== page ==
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4. The power of the FOI The ?25,000 website which attracts just 10 visitors a day FOI (Freedom of Information) request from the Saddleworth News hyper-local site to Oldham Council showed that the “Oldham Says” website received just 2,548 unique visits in the six months to the end of September 2010. “Oldham Says” is aimed at residents; and supports a local strategic partnership for the area, bringing together representatives from bodies including the Council, Greater Manchester Police, NHS, the education sector and others, to tackle various problems. FOI showed “With a total of ?25,544 having been spent on setting up the site, that’s roughly equivalent to an incredible ?10 for each and every click. The site’s readership has been particularly low in the last two months, with just 268 people logging on in August and 296 doing so in September.”

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5. Using open data to share info Bournville News took public information but presented it in a useful way for residents, by producing a map of Birmingham City Council gritting routes in Bournville. “I thought the potential grit shortage might mean that some roads would stop getting gritted should the cold spell continue and knowing which roads were meant to be gritted would be useful knowledge. ‘Will my road get gritted?’ is an easy question to answer since the City Council has a alphabetical list of all the roads that are gritted in order of priority.” (Quotes from Dave Harte.)

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6. Using open data for campaigns As more data becomes available, so hyper-local media can do more than just check up on Council expenditure. In 2010 a residents group in Bramcote showed how open data could be used for civic action and campaigning. They worked with Talk about Local, the local police and the Council to set up a website. It included detailed discussions about traffic data, following repeated accidents on Hillside Road. In July 2011 the site reported that a traffic calming scheme had started on the road and in September that the police, “would [now] be targeting offenders on Hillside Road.”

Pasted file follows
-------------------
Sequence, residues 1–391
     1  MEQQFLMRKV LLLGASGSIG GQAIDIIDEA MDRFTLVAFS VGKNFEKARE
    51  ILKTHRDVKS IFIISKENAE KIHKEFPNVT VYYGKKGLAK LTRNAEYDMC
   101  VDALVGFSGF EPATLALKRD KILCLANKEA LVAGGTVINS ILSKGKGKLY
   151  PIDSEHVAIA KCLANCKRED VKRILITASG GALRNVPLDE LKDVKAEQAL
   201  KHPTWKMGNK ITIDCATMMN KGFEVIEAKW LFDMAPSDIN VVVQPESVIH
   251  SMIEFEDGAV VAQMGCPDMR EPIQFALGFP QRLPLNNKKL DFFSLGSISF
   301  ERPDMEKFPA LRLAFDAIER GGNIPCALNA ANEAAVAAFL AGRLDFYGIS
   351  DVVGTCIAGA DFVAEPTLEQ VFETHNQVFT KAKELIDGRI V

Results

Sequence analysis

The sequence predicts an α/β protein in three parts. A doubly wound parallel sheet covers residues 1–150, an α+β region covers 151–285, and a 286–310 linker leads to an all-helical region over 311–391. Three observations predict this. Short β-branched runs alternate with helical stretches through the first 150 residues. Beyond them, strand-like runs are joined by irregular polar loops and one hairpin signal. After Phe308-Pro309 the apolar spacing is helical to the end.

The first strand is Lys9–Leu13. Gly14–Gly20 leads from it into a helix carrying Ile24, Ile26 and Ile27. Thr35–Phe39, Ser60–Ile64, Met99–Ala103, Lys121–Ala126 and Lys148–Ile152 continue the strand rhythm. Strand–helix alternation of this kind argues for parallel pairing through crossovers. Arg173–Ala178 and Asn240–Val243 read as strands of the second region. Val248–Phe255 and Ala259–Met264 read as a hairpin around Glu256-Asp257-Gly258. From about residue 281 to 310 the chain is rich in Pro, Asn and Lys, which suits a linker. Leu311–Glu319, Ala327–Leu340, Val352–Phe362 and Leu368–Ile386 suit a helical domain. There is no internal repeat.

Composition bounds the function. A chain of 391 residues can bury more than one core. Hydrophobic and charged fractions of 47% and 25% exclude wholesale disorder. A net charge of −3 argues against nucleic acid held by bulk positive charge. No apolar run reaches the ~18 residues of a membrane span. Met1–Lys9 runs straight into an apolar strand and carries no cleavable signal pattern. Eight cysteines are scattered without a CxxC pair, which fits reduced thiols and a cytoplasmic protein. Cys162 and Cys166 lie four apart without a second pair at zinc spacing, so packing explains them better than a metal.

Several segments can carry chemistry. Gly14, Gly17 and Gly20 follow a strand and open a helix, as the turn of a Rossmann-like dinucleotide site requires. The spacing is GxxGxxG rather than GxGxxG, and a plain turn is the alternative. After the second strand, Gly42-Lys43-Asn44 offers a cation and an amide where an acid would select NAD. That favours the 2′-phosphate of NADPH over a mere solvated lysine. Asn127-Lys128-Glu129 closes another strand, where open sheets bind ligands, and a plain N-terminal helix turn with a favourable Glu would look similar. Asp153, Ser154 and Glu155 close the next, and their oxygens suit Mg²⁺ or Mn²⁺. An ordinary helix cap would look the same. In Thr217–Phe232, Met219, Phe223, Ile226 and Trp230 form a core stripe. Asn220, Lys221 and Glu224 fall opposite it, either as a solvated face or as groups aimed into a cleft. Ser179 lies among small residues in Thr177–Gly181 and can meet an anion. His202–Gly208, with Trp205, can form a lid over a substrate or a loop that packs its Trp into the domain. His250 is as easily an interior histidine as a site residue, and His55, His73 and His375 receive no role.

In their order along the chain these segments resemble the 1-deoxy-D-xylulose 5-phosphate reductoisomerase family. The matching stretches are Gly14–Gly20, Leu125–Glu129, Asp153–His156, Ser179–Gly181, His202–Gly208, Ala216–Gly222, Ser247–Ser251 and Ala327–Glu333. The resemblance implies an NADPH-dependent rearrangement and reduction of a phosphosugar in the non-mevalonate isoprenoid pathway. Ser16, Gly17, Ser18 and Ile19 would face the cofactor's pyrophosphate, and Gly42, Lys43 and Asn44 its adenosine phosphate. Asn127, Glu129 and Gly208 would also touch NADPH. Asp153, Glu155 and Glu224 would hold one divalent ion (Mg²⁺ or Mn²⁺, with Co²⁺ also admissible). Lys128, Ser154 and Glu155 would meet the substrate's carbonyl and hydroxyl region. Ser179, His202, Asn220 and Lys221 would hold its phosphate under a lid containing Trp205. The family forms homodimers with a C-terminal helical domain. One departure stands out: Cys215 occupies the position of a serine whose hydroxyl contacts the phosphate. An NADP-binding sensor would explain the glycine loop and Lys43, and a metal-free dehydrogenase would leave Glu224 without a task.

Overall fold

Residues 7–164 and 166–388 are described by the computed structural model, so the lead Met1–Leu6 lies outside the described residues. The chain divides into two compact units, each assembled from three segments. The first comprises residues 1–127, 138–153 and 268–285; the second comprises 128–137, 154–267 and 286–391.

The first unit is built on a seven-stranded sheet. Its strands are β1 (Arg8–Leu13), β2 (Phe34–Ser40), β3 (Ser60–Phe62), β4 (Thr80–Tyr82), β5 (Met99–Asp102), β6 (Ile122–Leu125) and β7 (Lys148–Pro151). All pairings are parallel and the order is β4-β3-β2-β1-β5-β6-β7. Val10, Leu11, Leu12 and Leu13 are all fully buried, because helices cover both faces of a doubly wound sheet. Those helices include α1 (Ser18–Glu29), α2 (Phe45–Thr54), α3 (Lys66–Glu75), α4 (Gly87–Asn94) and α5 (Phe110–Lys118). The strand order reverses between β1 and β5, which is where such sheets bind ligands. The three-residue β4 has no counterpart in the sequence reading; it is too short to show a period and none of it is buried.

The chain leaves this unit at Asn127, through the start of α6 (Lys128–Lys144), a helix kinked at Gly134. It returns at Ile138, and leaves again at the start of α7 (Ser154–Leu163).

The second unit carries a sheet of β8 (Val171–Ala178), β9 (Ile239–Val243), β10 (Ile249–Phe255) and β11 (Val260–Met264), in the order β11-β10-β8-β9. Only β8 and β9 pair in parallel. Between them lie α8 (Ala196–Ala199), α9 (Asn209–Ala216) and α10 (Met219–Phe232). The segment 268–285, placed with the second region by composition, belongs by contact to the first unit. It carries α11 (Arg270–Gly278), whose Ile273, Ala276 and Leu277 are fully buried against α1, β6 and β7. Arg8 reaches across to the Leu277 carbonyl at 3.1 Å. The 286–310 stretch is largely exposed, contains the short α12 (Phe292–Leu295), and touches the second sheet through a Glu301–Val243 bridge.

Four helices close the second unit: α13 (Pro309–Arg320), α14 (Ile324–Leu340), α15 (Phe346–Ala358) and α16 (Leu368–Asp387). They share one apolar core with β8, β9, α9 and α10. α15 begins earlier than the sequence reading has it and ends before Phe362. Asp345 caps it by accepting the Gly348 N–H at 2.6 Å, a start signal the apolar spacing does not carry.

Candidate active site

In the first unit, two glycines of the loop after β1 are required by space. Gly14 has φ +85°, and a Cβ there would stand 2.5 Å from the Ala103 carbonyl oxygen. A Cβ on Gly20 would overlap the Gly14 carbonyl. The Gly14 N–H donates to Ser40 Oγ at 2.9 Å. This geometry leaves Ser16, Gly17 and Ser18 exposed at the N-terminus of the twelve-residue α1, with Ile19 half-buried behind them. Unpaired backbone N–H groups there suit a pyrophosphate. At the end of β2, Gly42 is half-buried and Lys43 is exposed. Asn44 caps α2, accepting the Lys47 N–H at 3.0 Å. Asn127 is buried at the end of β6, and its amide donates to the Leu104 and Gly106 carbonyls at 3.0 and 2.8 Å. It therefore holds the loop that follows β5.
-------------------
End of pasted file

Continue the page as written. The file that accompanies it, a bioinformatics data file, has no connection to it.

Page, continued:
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7. Using open data for accountability The UK Government transparency agenda includes a commitment to make public all Council Expenditure over ?500, salaries of Public Servants earning ?150,000+ and organograms. CLG are encouraging financially literate citizens to act as ‘Armchair Auditors’ scrutinising Council expenditure in a similar manner to the way that the Guardian asked people to help them review MP’s expenses. This hasn’t been a huge success. But examples do/did exist. e.g. Adrian Short’s Website for the Royal Borough Of Windsor & Maidenhead (now offline)

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8. Using UCG and photos Tackable offers an interesting mix of hyperlocal news, user-generated content, and social gaming. Neiman has a good article explaining how it all works: http://www.niemanlab.org/2011/02/tackable-aims-to-become-the-social-network-for-user-generated-news/

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9. APIs: Spot the Difference

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10. Expanding range of social sources

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This list isn’t exhaustive. If you have other examples, please add them in the comments or send me a tweet! About the Author: @damianradcliffe Damian Radcliffe is a Doctoral Student and an Honorary Research Fellow at Cardiff School of Journalism, Media and Cultural Studies. He has written about hyperlocal media for a number of organisations and media outlets including: Ofcom, the BBC College of Journalism, Networked Neighbourhoods, journalism.co.uk and the Democratic Society. In 2012 NESTA published his landscape report - “Here and Now” – the first comprehensive review of the UK’s hyperlocal scene. Links to Damian’s extensive hyperlocal writing and research can be found via his personal website: www.damianradcliffe.wordpress. com/hyperlocal